339. The present Session of the Conference wished to emphasize that in indicating the distribution of 24 seats among the; 7 regions and the number of Member Nations in each of these regions, the Conference did not mean to imply that the number of countries in any one region was the sole criterion determining the number of seats allocated to the region. The Conference is fully aware that a number of factors are involved in determining such allocations.

Resolution No. 28/55

Geographical Distribution of Council Seats

The Conference

Having considered the question of the geographical distribution of Council seats, feels unable to recommend a change in distribution of seats between regions at the present time in view of the complexity of the issues involved and the short time available for their consideration at the present Session of the Conference;

Decides to maintain provisionally tire status quo with respect to geographical distribution of Council seats until the next regular Session of the Conference; and Requests the Council to consider in detail all aspects of the problem of geographical distribution of Council seats and to submit in good time recommendations to the next regular Session of the Conference.

Principles for selection of council members

340. At its Seventh Session, the Conference laid down four principles which should apply when electing members of the Council and requested the latter to consider the possibility, by amendment of the Rules of Procedure or by other means, of giving effect to these principles, and to submit recommendations to the Eighth Session of the Conference.

341. After careful consideration of this matter, the Twentieth Session of the Council felt that an attempt to set hard and fast rules for giving effect to these principles would not only create many difficulties but would tend to defeat their purpose. The Council therefore merely recommended that prior to any future election of Council members the General Committee should formally draw attention to all four principles referred to above.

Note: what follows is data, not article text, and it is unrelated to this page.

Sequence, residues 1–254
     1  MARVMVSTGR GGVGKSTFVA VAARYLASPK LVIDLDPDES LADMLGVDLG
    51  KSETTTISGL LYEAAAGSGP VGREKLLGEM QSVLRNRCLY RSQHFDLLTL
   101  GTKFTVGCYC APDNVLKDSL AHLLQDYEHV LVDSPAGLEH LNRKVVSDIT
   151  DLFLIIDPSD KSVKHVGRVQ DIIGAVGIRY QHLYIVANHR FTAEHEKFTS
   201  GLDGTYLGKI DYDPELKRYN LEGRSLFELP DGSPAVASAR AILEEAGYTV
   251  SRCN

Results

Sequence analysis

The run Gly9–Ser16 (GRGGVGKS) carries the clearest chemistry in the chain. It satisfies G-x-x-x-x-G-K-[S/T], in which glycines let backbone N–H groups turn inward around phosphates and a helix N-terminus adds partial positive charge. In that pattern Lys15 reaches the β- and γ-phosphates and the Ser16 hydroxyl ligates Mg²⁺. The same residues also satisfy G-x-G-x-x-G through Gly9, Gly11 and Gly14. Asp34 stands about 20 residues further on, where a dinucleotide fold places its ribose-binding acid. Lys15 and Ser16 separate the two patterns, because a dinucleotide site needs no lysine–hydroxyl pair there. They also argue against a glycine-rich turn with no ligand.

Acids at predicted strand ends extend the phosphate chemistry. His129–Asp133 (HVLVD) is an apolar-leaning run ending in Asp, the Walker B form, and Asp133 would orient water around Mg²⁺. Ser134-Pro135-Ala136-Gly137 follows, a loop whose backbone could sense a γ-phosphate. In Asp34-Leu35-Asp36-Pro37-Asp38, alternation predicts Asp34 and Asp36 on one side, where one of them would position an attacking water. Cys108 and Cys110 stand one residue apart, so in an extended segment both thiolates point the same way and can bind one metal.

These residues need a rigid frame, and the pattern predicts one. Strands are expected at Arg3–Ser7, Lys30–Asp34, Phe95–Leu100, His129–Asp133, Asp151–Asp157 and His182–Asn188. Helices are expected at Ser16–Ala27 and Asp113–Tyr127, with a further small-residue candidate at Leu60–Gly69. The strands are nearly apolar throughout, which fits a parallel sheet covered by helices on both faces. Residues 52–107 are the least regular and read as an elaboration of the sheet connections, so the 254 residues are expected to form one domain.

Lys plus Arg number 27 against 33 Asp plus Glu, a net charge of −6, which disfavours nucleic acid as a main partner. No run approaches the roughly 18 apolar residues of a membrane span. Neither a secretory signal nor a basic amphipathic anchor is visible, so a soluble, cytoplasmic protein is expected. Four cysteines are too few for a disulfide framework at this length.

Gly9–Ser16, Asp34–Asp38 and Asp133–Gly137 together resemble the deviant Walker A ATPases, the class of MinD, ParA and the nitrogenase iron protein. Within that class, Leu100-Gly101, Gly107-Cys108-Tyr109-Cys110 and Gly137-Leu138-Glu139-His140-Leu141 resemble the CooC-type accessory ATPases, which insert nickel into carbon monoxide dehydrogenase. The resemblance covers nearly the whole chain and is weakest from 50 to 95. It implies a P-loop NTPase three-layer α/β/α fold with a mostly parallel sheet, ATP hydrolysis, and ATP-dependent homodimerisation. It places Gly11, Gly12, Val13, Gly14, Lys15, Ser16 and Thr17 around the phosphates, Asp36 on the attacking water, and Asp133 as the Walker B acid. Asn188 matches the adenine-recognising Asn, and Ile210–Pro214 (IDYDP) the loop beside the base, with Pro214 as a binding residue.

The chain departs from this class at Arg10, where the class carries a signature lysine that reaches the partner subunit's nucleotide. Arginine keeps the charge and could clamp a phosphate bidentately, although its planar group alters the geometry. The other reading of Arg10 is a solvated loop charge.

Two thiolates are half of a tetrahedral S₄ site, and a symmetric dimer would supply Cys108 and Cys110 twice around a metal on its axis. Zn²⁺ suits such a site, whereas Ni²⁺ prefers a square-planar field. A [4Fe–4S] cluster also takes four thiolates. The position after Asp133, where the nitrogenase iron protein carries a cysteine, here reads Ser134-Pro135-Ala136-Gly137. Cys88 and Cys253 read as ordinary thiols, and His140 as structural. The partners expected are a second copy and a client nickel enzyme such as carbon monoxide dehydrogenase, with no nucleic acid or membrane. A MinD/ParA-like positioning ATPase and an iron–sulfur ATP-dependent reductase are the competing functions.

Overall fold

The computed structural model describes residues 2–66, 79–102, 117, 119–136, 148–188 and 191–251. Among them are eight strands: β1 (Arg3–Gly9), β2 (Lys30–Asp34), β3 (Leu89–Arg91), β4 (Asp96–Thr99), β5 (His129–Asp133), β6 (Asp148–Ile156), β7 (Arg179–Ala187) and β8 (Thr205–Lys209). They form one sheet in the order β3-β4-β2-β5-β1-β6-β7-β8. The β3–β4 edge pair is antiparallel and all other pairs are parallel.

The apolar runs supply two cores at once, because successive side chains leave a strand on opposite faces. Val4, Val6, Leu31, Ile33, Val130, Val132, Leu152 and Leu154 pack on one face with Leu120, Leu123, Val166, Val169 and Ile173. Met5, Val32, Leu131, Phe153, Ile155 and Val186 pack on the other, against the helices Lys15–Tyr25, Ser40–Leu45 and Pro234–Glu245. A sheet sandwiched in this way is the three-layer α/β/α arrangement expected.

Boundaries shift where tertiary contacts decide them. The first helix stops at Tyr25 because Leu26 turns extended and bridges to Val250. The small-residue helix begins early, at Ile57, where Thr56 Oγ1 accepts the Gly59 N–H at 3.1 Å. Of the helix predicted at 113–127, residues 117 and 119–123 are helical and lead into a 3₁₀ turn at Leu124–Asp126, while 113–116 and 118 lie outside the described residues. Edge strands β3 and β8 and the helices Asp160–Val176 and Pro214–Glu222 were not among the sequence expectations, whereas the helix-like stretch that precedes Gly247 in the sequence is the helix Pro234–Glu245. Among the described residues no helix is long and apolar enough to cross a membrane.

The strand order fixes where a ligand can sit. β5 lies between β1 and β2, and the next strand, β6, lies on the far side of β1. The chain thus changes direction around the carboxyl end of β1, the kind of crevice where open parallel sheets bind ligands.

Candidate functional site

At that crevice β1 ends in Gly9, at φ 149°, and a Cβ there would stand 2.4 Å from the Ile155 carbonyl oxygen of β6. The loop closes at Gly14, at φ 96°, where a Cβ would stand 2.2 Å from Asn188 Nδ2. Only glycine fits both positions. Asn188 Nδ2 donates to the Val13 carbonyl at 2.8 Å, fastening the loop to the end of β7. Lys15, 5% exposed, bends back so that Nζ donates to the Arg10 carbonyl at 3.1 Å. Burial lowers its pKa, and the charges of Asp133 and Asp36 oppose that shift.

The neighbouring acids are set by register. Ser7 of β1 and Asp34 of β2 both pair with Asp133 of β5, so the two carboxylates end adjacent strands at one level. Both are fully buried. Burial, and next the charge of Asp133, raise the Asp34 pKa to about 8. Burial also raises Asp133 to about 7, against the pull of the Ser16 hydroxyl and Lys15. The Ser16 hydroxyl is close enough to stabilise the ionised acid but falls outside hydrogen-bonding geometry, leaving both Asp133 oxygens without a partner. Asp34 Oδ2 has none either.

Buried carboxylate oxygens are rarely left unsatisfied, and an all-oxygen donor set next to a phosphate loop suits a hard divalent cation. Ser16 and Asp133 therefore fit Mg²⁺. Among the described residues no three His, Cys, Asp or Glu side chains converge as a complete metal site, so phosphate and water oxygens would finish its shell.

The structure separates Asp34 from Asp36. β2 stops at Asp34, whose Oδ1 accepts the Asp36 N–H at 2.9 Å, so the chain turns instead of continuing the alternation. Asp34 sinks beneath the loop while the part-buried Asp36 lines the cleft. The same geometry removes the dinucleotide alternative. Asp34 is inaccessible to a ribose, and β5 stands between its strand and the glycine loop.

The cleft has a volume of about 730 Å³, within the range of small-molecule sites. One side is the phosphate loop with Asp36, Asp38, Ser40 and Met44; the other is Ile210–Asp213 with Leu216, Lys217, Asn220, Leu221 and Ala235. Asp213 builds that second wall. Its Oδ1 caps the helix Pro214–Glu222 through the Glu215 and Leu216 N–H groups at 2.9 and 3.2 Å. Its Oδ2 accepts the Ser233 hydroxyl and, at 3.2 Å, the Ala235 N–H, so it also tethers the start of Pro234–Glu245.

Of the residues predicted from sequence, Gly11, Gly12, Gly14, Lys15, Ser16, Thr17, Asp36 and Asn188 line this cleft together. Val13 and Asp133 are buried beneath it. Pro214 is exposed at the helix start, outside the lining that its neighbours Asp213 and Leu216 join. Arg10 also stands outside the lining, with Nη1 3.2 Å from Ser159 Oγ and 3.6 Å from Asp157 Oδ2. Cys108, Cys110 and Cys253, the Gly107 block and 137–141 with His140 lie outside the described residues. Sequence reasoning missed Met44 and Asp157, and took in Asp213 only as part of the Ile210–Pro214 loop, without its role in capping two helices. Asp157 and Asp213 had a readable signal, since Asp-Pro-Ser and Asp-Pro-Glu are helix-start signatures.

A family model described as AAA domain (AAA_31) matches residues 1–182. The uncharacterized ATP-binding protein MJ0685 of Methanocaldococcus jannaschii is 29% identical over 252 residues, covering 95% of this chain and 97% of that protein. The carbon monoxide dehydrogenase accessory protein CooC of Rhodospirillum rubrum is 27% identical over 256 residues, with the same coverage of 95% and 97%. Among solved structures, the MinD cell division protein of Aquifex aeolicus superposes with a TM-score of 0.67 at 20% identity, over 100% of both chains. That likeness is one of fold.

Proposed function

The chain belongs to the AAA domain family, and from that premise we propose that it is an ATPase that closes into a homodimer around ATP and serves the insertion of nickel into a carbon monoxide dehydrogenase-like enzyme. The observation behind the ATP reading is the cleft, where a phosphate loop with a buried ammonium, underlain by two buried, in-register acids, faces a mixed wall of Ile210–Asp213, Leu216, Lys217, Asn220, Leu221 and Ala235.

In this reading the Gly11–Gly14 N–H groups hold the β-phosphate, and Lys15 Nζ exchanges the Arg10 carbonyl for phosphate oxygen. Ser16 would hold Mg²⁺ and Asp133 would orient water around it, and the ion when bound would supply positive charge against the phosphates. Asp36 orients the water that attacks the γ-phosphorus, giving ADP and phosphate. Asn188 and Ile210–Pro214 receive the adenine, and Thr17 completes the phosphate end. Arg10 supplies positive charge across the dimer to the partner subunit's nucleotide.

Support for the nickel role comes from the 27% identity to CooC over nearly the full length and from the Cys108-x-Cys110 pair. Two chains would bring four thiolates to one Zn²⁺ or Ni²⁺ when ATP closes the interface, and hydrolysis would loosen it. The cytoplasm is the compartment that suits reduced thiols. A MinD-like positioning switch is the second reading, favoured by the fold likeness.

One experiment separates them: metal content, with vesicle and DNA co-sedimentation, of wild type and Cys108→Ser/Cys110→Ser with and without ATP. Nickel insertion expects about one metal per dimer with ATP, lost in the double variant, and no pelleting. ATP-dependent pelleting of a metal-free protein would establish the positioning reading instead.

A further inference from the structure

342. When one of the four principles, namely that of geographical distribution, was discussed at the Eighth Session of the Conference several delegations expressed the view that the present distribution of Council seats within the various regions was not satisfactory.

343. Having considered the report of the Council, referred to above, the Conference decided to adopt the following Resolution:

Resolution No. 29/55

Principles for Selection of Council Members

The Conference

Decides to amend Rule X paragraph 2 (i) Of the Rules of Procedure of the Organization by adding to this provision the words underlined below:

2 (i) "make recommendations to the Conference on the filling of vacancies on the Council, drawing formally the attention of the Conference to the provisions of Rule XXIII, paragraphs 6 and 7."

Admission of associate members

344. The Seventh Session of the Conference considered a proposal submitted by the Government of India to amend the Constitution in order to provide for associate membership in FAO for non-self governing territories.

345. The Conference at that Session approved the proposal in principle, but found that it necessitated considerable modification of the Constitution, Rules of Procedure and Financial Regulations. It therefore requested the Council to study the matter, "paying particular attention to the question of the choice of representatives of Associate Members from among nationals of these territories and to submit to the next Session of the Conference a report embodying the necessary draft amendments" (Resolution No. 47/53).